Wow. There’s a lot of talk going on on Twitter right now about the ‘real’ story behind #agchat. Some people have this idea that the AgChat Foundation and #agchat conversations are sponsored by ‘Big Ag’ (whatever the heck that is) as a way to get their products and self-enhancing messages out. First off, I’d like to say that the AgChat Foundation is a non-profit organization that runs off the donations of anyone who wants to support their mission and the work of some AMAZING volunteers. Secondly, I’d like to ask this:
Now, I know you’re probably like, ‘Huh? What do you mean ‘Who cares?” This is what I mean: Agricultural businesses of many different sectors support lots of different not-for-profit organizations. Syngenta, Monsanto, Tyson, and Cargill are just a few organizations that are supporters of things like FFA, 4-H, and the student activities of the National Agri-Marketing Association. These businesses give their money to non-profits because they care about the cause and purposes of these things. There are youth in each of these organizations who present, learn, and talk about things other than conventionally raised crops and livestock. However, it is about the larger goal. Supporters know that these organizations teach youth the skills needed to be strong and valued employees and contributors in agriculture.
To bring it back to the AgChat Foundation–I don’t know that there are any corporate sponsors of the Foundation yet, but if there were I wouldn’t care who they were one bit. Sponsors would be supporting the organization’s mission–Empower farmers and ranchers to connect communities through social media platforms. Not conventional farmers only. Not communities who only eat organic. Not platforms that are approved by our sponsors only. Every farmer, every rancher, every community, talking about every platform. That is what a sponsor who gives to the AgChat Foundation would be supporting.
Now, I won’t say that a company like Monsanto or Cargill wouldn’t be getting a little advertising out of their sponsorship. Of course they would–it’s lip-service and brand recognition. However, there are a lot of places a multi-million dollar business could get those things. They don’t have to support a bunch of farmers on Twitter to do so.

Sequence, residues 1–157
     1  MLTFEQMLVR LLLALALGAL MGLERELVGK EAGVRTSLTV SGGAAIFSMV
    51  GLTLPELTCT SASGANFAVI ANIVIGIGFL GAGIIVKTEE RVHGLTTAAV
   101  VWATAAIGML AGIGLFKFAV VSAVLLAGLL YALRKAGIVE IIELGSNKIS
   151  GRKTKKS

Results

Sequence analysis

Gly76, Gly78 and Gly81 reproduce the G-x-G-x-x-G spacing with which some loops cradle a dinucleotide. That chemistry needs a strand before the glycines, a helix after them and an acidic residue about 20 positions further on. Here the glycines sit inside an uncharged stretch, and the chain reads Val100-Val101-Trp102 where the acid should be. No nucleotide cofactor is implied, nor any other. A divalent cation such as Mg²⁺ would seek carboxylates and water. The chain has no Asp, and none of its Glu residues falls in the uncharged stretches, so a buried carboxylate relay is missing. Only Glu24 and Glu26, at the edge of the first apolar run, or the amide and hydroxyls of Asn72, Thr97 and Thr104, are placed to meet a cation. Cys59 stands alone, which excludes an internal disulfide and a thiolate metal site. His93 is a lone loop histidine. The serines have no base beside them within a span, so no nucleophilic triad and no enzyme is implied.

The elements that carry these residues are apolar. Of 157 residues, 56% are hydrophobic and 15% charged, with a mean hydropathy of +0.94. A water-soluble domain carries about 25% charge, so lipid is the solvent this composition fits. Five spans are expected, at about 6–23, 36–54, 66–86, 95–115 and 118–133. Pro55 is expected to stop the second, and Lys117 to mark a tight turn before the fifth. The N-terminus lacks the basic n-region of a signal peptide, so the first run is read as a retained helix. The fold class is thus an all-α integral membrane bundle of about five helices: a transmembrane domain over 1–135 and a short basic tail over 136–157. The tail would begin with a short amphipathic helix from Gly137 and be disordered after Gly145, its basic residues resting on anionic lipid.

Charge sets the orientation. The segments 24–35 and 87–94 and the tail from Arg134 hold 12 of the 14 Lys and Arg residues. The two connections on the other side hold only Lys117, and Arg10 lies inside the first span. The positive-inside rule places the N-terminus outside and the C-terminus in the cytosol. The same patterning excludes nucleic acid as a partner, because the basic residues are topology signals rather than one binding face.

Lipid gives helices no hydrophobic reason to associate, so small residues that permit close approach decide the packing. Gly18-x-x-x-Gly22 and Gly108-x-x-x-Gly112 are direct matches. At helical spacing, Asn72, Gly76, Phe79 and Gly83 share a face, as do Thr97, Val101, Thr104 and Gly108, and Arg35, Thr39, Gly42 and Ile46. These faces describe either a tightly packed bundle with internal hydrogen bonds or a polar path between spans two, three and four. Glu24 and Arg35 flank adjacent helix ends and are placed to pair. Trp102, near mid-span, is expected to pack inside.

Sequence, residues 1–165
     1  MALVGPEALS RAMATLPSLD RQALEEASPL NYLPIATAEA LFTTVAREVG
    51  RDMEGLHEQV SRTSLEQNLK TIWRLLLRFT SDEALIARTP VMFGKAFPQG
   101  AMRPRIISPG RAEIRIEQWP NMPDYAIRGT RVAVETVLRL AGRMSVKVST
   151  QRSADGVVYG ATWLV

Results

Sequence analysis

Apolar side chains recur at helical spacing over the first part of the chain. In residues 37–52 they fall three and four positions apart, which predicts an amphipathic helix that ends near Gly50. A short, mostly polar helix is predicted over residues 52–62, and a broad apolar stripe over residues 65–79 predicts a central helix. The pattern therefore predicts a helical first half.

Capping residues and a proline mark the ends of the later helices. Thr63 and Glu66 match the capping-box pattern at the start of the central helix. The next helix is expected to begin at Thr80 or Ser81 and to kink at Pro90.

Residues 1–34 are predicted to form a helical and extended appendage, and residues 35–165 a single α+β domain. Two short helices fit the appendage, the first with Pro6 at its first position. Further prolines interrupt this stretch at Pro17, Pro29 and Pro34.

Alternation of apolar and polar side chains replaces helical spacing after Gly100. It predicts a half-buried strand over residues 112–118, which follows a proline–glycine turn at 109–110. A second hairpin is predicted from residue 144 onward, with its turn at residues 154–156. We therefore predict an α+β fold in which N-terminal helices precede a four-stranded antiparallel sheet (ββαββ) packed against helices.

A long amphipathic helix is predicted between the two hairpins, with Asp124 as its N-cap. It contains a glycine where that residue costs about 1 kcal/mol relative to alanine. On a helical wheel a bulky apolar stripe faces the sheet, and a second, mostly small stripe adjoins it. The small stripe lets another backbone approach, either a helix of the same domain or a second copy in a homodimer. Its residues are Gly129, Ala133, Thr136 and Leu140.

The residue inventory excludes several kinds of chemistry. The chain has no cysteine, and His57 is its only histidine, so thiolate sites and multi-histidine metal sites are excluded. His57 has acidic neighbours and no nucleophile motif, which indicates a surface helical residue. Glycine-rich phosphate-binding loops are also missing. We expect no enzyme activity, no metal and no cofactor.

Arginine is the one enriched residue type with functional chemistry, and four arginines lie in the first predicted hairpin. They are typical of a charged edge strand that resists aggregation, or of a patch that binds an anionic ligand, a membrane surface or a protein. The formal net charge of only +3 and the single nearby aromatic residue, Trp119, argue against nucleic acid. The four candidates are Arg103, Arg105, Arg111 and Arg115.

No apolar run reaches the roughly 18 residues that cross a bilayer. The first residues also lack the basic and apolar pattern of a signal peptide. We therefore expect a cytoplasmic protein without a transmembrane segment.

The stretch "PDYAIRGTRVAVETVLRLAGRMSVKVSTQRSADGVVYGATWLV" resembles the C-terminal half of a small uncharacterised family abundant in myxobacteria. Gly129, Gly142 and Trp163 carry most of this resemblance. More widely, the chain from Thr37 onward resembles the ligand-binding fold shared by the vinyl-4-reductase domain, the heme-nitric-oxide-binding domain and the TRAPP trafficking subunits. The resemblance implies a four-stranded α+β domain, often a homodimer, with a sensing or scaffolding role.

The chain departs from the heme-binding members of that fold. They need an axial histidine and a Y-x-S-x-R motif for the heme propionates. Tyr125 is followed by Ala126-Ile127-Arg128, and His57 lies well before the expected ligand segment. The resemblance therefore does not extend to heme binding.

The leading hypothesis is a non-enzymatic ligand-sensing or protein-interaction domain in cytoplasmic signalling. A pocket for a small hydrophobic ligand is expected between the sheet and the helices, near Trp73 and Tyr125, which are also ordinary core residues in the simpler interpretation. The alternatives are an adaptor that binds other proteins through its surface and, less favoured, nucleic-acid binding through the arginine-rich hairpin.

As I finish up, I would like to say thank-you to everyone who has volunteered their time to making the AgChat Foundation a reality. Your hard work and dedication has not gone unnoticed. I am so excited to meet you all in August and to see the good work that I’m sure will come from you never-ending passions in the future.
Sometimes it is absolutely crazy to thing about everything that happens over the course of a year. This summer it’s especially crazy, because I will have been actively involved in social media as a medium for sharing about agriculture for that shiny milestone–a year.
Earlier today, I was talking with a fellow college Tweep and throughout the course of the conversation we got discussing all of the people we’ve met through social media. Whether it is a weekly #AgChat conversation or meeting someone in person, our online interactions have helped us create relationships we never would have dreamed possible. With those people, we’ve shared opinions on happenings in agriculture, talked about clothes, and worked to make a change for our industry and society. I know if you had asked me last summer what I thought I would happen with my new Twitter account, none of those things would have ever come to my mind.
This post isn’t very long, but I would more or less just like to say thank you to all of the people who have made my social media experience the wonderful one that it’s been. I can’t wait to meet you all in person in the future, but even if I don’t, know that you’ve made a strong impact on me and how I see my ability to make a difference. I can’t wait to see what the next year holds.